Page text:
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Brexit Briefing: Pound Dithers as Consumer Spending Cools, But Rate Hike Hopes are Shifting

Brexit Briefing: Pound Dithers as Consumer Spending Cools, But Rate Hike Hopes are Shifting

Oliver Morrison, Analyst

Talking Points:

- Fresh signs that British consumers are reigning in their spending.

- Accelerating inflation is good news for the BoE hawks and the Pound.

- Sterling stays flat against the Dollar and Euro for time being.

- See the DailyFX Economic Calendar and see what live coverage for key event risk impacting FX markets is scheduled for the week on the DailyFX Webinar Calendar.

The British Pound is struggling for momentum amid more signs that consumer spending is slowing. Credit card spending in the UK in January grew at one of the slowest annual rates of the past three years, data from Visa showed Monday, rising 0.4% year-on-year, down from 2.5% in December.

On the month, Visa said consumer spending climbed 0.5% after a 2.5% drop in December. But the data tie with other signs that Brits are reigning in their spending. The British Retail Consortium reported last week that spending in the November-January festive period rose by the smallest amount since the financial crisis, while the Confederation of British Industry said its January retail gauge dropped by the most since records began in 1983.

Official retail sales data are due Friday, with forecasts calling for an on-year rise of 3.9% in January – down from 4.9% previously – and a monthly rise of 0.7% compared to the 2% drop in December.

Economists have also been long warning that rising inflation – caused by the Pound’s post-Brexit vote fall – will squeeze peoples’ incomes in 2017 and threaten economic growth. As a result of this rising inflation “households' purchasing power will be squeezed further which, combined with relatively muted consumer confidence, may lead expenditure to settle on a slower growth trajectory in 2017," said Annabel Fiddes, an economist at IHS Markit, which compiled the data for Visa.

Any threat to economic growth is, of course, Pound-negative, as is the Bank of England’s current dovish stance on rates. Inflation is rising, but Carney and Co will only look to raise rates if it is seen to be rising faster than it expects. The Bank held rates at the record low 0.25% on February 2, stressing uncertainty in the run up to the triggering of Article 50 and that consumer spending and investment are likely to weaken this year.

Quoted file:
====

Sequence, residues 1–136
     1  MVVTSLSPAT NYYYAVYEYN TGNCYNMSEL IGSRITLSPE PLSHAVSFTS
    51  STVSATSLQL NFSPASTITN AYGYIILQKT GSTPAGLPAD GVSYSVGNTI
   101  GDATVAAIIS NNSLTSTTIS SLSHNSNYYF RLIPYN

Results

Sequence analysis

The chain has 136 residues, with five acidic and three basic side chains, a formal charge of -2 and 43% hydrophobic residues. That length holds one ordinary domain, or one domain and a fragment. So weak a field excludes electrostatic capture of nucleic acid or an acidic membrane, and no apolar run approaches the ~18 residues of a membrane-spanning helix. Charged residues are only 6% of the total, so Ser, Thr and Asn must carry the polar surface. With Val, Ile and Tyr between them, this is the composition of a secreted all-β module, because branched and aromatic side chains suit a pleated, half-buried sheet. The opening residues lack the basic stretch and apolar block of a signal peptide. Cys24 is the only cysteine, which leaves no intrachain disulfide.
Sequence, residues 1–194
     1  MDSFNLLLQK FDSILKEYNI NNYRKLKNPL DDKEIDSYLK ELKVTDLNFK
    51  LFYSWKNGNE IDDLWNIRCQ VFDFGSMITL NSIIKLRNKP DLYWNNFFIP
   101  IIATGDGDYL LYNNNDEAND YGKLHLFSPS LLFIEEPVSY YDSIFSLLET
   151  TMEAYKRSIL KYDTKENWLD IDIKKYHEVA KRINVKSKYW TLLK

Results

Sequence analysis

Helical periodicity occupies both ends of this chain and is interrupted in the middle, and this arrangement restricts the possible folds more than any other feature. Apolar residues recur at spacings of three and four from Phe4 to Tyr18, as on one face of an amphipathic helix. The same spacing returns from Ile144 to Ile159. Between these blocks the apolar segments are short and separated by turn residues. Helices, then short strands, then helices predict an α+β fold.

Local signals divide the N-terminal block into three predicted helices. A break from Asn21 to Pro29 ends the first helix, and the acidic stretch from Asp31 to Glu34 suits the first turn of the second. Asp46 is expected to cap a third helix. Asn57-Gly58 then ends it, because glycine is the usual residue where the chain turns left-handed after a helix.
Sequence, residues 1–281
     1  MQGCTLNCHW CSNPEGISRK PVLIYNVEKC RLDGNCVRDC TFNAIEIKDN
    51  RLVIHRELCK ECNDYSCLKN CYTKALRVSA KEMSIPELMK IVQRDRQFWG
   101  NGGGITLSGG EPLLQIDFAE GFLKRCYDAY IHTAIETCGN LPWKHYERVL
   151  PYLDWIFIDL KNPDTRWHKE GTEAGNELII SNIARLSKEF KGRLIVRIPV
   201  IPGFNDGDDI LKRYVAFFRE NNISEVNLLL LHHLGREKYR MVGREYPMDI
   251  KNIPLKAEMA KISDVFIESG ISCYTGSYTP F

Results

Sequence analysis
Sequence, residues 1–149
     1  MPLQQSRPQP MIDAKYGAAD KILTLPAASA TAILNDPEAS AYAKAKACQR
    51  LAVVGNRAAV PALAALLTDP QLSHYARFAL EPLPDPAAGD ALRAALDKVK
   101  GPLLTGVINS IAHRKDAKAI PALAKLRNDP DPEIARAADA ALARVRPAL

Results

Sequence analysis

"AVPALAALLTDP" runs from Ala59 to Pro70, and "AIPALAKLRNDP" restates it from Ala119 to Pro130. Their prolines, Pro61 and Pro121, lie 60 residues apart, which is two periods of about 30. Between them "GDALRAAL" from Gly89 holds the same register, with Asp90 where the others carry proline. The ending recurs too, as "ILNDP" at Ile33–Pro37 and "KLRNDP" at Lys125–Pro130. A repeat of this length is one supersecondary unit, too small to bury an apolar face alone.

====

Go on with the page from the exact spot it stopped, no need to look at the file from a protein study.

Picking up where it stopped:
However, the consensus on the BoE’s stance on rates is beginning to shift. Last week, Kristin Forbes, a member of the Bank’s Monetary Policy Committee, said she disagreed with the BoEs policy to keep rates low. She said inflation is getting out of hand and the best way to control it is by raising interest rates. She also said the robust performance of the economy in the wake of last June's Brexit vote confirms her gut feeling that the UK would ride out the referendum better than most economists expected. That’s backed up by news today that the FTSE 250 (which is far more domestically focussed than the 100) reached a fresh record high this morning, dispelling much fear of economic peril upon activating Article 50 next month.

And many economists seem to be agreeing with Forbes. According to a Bloomberg survey, 87% of analysts think that the BoE’s next move, after its current neutral stance, will be an interest rate hike, up from 65% a month earlier.

Inflation data released tomorrow is forecast to show consumer-price growth accelerated to 1.9%, the fastest since 2014. If that data, along with employment data, surprise to the upside the markets may again bring forward their rate-hike expectations, thus boosting the Pound.

But Brexit is still a concern for many. More than a quarter of employers in Britain say staff members from other European Union countries have considered leaving their firms or the country in 2017 after last year's Brexit vote, the Chartered Institute of Personnel and Development said Monday.

And the shifting rate hike expectations – nascent as they are – have failed thus far to give Sterling pairs much impetus. The British Pound has remained flat against the US Dollar in Monday trading. GBPUSD currently trades at 1.2492, up 0.02% for the day. Sterling has also been able to capitalise on the weak Euro, which remains under pressure from stubbornly low inflation and political concerns. EURGBP currently trades at 0.8487, a drop of 0.38% on the day.


Index / Exchange Rate

Change (Exchange Hours/GMT Session Rollover)

Market Close/Last

FTSE 100















Upcoming Event Risk


Date, Time (GMT)



UK Consumer Price Inflation

February 14, 0900 GMT



UK Claimant Count rate

February 15, 0930GMT



UK Retail Sales (Jan y-o-y)

February 17, 0930GMT



--- Written by Oliver Morrison, Analyst

To contact Oliver, email him at

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